I made one of my favorite desserts, apple crumble. The crumble I like is very specific and not very common. I had it in England when I was a kid, and I'm pretty sure it came from a box. It's very sweet and has no oats or nuts. I like both, but not in my crumble, which is about sweetened baked apples and nothing else.
It is also the least specific and detail-oriented recipe I make, which is great for people who otherwise might be timid at the thought of baking.
I got the recipe in the late 1990s from SOAR, the Searchable Online Archive of Recipes, one of the best recipe collections on the early-ish Internet.
Willliams Sonoma. It was a recommendation from Cook's Illustrated, and works very well. I'll buy a $20 gadget if it helps me and the kids eat more fruit. These were really good apples—both of my kids and I ate slices before they went in the oven.
Finally, I baked the apples for 1 hour at 350. We ate the apples as soon as they wouldn't scald us outright.
Personally, I eat apple crumble in a bowl with cold milk like cereal. Cream or vanilla ice cream would be great too.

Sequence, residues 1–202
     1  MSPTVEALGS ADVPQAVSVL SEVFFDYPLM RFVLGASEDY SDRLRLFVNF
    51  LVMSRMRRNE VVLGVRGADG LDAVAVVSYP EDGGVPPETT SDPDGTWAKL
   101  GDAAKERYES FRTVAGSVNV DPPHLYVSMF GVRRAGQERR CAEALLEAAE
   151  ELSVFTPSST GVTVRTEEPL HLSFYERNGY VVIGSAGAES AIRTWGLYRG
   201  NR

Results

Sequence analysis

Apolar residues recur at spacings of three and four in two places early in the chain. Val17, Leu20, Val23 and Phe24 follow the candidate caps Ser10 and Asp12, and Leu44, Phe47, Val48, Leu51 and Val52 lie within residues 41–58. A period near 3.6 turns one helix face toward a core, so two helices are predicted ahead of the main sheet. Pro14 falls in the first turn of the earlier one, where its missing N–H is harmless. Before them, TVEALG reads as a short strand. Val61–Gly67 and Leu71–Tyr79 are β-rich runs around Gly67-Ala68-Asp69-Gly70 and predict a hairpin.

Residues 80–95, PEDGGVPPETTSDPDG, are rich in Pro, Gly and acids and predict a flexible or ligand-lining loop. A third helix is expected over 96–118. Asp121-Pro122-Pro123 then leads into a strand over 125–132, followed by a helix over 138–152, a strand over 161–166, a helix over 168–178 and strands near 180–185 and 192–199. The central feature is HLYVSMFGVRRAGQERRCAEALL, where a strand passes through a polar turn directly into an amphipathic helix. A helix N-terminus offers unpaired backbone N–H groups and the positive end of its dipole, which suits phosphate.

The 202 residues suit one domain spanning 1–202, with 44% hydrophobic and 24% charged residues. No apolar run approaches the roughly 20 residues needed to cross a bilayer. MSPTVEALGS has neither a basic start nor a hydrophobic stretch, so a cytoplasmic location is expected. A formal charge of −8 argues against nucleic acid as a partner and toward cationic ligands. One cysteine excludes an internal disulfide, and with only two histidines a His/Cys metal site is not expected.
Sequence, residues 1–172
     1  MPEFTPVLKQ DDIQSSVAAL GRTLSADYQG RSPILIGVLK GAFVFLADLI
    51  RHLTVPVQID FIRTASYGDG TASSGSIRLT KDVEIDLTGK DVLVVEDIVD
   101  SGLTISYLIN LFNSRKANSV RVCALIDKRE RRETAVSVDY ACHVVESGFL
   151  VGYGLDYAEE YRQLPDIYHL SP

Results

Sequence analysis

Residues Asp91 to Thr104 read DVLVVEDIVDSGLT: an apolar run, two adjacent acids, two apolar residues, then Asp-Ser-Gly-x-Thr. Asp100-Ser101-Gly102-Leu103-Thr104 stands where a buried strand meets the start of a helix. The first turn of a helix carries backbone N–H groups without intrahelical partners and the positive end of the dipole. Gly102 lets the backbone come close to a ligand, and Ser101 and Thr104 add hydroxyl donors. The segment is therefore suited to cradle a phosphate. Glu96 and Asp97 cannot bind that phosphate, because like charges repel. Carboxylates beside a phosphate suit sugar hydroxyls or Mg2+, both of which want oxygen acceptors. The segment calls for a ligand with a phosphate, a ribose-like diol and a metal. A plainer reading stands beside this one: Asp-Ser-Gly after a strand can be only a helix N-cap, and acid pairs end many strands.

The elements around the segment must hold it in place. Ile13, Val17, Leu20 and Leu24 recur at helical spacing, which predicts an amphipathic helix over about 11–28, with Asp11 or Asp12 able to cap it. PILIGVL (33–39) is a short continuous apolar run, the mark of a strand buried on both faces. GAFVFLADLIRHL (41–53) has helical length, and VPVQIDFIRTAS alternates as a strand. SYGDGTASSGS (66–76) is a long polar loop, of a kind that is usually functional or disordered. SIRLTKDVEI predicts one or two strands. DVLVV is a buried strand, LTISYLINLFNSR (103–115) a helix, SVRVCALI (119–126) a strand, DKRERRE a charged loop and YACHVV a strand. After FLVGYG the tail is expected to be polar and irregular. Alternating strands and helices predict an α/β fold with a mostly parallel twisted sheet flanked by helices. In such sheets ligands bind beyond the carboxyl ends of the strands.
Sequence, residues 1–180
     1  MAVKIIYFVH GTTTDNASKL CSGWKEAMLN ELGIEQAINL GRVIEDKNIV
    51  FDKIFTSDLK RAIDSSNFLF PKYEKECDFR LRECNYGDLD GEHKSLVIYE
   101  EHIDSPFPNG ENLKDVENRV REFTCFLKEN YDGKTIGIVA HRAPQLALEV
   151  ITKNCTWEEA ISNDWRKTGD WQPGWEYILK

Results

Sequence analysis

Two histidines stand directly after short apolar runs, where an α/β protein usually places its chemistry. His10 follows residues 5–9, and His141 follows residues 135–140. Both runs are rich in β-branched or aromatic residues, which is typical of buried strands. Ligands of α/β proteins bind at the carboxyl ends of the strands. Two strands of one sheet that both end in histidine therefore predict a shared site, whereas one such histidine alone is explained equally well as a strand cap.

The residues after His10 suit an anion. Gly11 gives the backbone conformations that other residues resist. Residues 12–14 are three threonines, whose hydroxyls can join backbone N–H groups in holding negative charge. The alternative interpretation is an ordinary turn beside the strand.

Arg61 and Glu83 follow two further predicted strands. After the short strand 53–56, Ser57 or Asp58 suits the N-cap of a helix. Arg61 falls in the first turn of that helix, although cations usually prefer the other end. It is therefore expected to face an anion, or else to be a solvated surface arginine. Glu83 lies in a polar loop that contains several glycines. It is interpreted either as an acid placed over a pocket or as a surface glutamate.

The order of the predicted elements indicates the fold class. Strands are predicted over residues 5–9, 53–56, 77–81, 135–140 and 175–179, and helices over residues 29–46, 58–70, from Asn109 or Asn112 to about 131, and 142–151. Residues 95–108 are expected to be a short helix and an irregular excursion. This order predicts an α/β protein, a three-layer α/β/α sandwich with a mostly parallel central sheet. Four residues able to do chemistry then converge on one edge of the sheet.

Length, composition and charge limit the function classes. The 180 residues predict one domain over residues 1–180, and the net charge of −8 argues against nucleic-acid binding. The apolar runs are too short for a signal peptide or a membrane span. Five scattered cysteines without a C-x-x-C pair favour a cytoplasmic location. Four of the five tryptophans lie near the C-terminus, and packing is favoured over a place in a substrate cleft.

The imprecision comes from the amount of apples. I use any amount of apples I have, in whatever dish they fit in. I make the same amount of crumble each time, but only use as much as seems appropriate. The mixture freezes very well in a zipper plastic bag. I bake until the apples are soft, and raise the temperature if I don't have a lot of time. It's just apples and sugar, so it's hard to screw it up.
I can't wait until the next time I go to the Farmers Market!
Apple CrumbleServes 8, scales well
½ bushel apples (a lot), cored, peeled if you wish, and in slices or chunks
1/2 cup sugar
1/2 teaspoon cinnamon
1 cup flour
1 cup brown sugar
8 tablespoons butter
Preheat oven to 350 degrees.
Combine ingredients until mixture has a crumb-like texture. You can use a mixer, food processor, dough blender, or your hands.
Put apples into a baking dish. Top with crumb mixture.
Bake uncovered approximately 1 hour until tender. Cool slightly before eating.